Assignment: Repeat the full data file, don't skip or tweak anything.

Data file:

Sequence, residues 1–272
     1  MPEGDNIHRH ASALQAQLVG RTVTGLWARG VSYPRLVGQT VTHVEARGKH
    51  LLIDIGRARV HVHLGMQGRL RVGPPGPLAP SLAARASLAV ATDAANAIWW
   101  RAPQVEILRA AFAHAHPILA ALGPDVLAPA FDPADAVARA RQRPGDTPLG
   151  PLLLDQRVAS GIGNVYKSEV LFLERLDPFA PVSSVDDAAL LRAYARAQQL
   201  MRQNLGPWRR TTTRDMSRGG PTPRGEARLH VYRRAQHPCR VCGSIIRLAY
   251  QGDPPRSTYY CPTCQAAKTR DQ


Sequence, residues 1–272
     1  MPEGDNIHRH ASALQAQLVG RTVTGLWARG VSYPRLVGQT VTHVEARGKH
    51  LLIDIGRARV HVHLGMQGRL RVGPPGPLAP SLAARASLAV ATDAANAIWW
   101  RAPQVEILRA AFAHAHPILA ALGPDVLAPA FDPADAVARA RQRPGDTPLG
   151  PLLLDQRVAS GIGNVYKSEV LFLERLDPFA PVSSVDDAAL LRAYARAQQL
   201  MRQNLGPWRR TTTRDMSRGG PTPRGEARLH VYRRAQHPCR VCGSIIRLAY
   251  QGDPPRSTYY CPTCQAAKTR DQ